I strongly believe that patients should not give up and try their best to live for the sake of themselves and if not, their loved ones. Given patients have loved ones who are trying their best to keep patients alive, I consider patients giving up on treatment as selfish and unfair to loved ones. Patients should not give up if people around them have not. Their loved ones would be the ones suffering if patients were to succumb to the illness. Furthermore, time does not necessarily heal. Loved ones will be mourning and carrying feelings of loss and grief for the rest of their lives. I have such an attitude towards illness as I believe that patients are able to recover as long as they have the willpower and not give up. To me, people have an internal locus over their health condition.

Using the Ecological Perspective, the interactions within my family (microsystem) have influenced my value towards health and illness. Not being to spend time and build memories with my sister when she was 5 months old was one of the fears. Being able to live is blessing and the most important as I can spend time and build memories with loved ones which is the essence of living. Furthermore, family is the most important aspect of my life and quality time with them is very much treasured.

The Dilemma

I do not have prior experience in helping others in health-related issues, however, as a prospective helper, I might experience differing views about life from clients. For example, in Tutorial 2 case-study, Mr Ho wants palliative care rather than seeking treatment while Mrs Ho wants Mr Ho to continue receiving treatment. There will be a dilemma of following the wishes of Mr Ho which is going against my attitude and values or siding Mrs Ho because her views are aligned to mine. However, according to SASW Code of Ethics, it is important to respect clients’ self-determination, thereby respecting that Mr Ho wants palliative care after battling cancer for 8 years. To protect my values and attitude, it is important to keep the person-in-environment (PIE) perspective in mind and assess clients based on their environments and life experiences which influences everyone’s view of towards illness. It is critical that clients and their environments are considered as interrelated and should be understood together. For example, understanding Mr Ho’s viewpoint and how his experience and progression with cancer affected his choice. Just because my values differ from clients, it does not mean that either of us are right or wrong as our family, social and cultural factors shape us.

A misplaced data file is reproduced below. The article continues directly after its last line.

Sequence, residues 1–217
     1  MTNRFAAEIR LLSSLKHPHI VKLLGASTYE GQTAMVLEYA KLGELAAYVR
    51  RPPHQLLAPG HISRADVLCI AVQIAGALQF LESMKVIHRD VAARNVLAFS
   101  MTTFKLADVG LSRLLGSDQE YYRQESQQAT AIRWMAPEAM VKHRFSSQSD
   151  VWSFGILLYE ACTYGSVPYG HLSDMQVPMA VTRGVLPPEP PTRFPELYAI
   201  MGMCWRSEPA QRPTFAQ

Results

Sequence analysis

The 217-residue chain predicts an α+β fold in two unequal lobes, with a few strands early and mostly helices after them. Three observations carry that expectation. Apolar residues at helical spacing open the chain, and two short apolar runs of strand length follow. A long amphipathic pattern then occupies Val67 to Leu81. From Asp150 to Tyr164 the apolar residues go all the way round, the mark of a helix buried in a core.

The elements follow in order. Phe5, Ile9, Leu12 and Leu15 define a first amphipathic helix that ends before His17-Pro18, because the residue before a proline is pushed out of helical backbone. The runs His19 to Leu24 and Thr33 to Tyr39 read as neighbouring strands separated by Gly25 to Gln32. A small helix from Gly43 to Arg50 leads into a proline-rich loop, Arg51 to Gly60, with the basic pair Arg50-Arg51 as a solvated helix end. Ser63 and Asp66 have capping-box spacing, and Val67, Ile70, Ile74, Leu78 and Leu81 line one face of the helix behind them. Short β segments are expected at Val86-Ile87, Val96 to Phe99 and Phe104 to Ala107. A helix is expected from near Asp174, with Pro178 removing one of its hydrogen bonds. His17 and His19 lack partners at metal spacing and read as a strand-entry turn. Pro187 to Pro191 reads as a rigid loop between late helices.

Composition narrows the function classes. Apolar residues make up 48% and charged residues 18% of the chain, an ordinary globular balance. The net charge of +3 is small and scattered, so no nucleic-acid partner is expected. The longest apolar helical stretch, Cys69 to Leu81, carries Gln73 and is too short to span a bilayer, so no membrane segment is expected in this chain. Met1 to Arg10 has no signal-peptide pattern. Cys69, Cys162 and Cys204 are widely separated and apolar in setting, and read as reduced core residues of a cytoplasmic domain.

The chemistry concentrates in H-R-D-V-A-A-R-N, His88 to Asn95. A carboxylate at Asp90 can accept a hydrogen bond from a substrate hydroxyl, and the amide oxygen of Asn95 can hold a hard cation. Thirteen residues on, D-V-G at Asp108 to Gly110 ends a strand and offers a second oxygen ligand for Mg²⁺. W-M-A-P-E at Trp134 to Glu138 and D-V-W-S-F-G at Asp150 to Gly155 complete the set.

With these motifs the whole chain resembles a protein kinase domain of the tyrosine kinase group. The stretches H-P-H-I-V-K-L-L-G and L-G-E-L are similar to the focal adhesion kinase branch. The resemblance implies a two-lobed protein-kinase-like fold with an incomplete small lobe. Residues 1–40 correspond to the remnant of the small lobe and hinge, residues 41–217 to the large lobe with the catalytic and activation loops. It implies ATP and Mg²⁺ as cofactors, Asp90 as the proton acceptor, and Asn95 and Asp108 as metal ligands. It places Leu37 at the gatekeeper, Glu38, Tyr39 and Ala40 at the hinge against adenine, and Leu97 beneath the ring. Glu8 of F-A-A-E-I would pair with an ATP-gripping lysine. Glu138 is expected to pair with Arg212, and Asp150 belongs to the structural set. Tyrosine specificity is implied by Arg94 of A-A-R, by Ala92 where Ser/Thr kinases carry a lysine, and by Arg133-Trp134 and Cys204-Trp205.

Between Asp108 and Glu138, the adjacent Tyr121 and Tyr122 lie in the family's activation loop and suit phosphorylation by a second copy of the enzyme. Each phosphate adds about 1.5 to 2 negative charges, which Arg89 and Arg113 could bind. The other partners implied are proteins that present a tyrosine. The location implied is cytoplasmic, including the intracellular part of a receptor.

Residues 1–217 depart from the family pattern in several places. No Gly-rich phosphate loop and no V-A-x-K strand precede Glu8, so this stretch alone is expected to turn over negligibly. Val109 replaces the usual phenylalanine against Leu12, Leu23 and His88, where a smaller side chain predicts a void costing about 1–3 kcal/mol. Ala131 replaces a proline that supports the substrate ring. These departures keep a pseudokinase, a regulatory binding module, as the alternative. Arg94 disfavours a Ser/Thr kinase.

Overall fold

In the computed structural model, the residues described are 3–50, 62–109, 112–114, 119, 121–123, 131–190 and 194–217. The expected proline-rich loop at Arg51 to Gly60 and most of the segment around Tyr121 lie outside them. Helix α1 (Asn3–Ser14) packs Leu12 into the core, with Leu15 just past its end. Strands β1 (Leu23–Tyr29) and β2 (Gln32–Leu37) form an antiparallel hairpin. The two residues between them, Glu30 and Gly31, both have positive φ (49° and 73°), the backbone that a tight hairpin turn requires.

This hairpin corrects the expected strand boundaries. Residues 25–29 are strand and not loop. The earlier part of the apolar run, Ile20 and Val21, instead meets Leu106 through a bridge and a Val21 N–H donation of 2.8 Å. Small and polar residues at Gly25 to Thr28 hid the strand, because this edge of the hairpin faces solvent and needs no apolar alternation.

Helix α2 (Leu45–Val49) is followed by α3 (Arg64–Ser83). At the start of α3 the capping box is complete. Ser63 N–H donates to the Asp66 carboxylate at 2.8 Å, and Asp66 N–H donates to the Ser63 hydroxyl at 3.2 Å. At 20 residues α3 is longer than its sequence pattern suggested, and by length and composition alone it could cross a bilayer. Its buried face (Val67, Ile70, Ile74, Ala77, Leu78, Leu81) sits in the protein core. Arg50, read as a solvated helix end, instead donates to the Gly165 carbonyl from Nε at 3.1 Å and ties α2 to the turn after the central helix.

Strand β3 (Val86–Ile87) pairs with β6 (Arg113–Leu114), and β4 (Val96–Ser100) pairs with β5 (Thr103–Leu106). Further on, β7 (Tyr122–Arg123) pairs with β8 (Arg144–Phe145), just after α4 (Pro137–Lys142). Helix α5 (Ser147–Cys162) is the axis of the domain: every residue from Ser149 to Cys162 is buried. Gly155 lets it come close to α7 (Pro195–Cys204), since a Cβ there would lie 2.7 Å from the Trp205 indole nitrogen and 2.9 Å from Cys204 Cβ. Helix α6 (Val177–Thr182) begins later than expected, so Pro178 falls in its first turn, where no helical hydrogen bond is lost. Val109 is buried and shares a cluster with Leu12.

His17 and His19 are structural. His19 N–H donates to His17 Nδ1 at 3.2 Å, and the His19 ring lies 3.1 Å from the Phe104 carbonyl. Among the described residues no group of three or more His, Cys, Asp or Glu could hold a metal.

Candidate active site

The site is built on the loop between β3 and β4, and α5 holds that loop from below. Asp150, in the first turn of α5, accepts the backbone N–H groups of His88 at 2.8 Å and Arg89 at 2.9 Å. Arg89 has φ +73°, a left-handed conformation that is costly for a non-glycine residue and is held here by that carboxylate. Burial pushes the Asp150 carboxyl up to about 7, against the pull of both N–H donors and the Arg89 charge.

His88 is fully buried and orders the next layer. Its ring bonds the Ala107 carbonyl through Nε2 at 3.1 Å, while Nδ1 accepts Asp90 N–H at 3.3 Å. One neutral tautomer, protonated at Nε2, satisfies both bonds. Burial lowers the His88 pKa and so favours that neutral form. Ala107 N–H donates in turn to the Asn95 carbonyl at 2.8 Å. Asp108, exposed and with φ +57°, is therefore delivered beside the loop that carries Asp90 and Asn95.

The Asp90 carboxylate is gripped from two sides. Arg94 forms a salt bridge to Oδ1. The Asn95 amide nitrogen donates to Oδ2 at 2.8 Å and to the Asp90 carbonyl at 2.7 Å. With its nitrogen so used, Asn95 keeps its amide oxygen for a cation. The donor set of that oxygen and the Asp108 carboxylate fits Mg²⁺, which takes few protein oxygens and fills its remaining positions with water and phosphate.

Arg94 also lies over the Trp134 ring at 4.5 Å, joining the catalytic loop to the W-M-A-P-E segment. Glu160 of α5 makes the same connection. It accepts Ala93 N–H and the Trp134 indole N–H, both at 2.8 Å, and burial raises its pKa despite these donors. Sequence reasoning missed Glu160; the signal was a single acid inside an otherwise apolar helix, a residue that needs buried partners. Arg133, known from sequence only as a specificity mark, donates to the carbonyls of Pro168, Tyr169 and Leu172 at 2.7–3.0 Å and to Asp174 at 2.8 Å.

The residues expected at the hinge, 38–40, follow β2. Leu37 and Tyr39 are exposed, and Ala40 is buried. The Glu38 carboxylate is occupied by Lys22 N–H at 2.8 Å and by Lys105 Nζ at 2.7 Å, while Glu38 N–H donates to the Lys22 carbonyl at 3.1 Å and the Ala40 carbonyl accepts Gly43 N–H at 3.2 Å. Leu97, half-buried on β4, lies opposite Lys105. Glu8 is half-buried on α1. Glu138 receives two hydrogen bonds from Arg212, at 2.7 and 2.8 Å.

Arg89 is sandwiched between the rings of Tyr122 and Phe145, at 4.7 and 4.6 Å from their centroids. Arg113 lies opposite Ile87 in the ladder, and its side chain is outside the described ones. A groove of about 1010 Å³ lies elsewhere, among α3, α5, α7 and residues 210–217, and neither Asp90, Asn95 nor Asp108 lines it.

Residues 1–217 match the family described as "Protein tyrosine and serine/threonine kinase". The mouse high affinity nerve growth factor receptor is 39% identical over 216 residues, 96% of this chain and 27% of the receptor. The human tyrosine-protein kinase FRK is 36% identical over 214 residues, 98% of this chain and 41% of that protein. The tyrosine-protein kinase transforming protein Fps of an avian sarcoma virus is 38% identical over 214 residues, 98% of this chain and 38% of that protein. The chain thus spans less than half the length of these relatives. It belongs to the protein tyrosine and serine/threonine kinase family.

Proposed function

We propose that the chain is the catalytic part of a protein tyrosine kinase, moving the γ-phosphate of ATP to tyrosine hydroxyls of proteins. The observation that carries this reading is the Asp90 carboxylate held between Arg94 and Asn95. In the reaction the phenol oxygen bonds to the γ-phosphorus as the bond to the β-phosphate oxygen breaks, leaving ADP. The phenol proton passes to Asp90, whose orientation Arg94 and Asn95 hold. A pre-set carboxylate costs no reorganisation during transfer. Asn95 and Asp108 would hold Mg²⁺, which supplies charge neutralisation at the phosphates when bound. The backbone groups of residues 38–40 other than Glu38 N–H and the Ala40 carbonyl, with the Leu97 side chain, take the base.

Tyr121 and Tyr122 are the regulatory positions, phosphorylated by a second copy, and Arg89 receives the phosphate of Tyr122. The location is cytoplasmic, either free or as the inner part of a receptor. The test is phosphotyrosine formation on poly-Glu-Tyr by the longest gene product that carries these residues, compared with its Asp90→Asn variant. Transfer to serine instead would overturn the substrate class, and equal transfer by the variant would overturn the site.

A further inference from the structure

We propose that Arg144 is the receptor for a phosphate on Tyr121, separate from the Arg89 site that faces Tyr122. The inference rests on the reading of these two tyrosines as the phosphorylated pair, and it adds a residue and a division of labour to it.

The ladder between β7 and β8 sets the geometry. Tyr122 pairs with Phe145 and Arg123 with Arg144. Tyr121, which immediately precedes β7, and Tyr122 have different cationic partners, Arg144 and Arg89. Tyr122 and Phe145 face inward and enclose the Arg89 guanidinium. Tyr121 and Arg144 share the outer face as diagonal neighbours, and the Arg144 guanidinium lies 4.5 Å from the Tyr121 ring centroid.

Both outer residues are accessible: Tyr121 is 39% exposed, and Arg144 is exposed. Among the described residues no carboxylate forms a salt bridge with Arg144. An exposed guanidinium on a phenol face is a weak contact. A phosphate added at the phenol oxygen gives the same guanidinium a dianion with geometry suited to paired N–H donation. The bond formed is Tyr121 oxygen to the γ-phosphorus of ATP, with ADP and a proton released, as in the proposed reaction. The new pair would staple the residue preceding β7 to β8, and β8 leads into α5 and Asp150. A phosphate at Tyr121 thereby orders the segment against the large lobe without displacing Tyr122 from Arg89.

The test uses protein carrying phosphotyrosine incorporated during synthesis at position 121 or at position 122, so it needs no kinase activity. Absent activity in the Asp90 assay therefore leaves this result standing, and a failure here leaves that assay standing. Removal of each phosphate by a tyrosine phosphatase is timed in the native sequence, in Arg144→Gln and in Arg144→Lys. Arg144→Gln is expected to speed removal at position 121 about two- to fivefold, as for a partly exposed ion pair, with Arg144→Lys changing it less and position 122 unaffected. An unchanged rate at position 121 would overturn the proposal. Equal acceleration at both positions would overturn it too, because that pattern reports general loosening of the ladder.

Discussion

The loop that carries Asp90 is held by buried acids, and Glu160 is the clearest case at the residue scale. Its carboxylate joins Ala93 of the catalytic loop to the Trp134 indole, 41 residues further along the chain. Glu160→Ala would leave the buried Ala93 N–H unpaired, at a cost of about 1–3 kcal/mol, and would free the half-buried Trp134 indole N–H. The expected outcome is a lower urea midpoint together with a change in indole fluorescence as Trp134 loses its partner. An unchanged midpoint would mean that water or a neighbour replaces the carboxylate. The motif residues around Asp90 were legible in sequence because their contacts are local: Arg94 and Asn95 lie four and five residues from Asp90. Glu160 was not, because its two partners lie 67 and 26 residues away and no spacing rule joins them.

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In summary, my family, culture and non-religion has influenced my philosophy of life and shaped me. My personal experience has deeply impacted my priorities and outlook towards health and illness. Having different views from clients may cause ethical dilemmas so it is crucial to operate from the client’s viewpoint and try to understand so as to protect both the client and me.

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Dr. Charlotte Jacobson

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The Impact Of My Family And Culture On My Philosophy Of Health And Illness. (2020, March 16). GradesFixer. Retrieved September 28, 2023, from
“The Impact Of My Family And Culture On My Philosophy Of Health And Illness.” GradesFixer, 16 Mar. 2020,